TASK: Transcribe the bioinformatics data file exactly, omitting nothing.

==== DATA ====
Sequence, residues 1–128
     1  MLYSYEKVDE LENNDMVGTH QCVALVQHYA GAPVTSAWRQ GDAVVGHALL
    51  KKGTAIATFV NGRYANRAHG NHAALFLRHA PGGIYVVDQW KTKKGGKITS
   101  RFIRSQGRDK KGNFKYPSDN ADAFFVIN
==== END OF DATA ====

Sequence, residues 1–128
     1  MLYSYEKVDE LENNDMVGTH QCVALVQHYA GAPVTSAWRQ GDAVVGHALL
    51  KKGTAIATFV NGRYANRAHG NHAALFLRHA PGGIYVVDQW KTKKGGKITS
   101  RFIRSQGRDK KGNFKYPSDN ADAFFVIN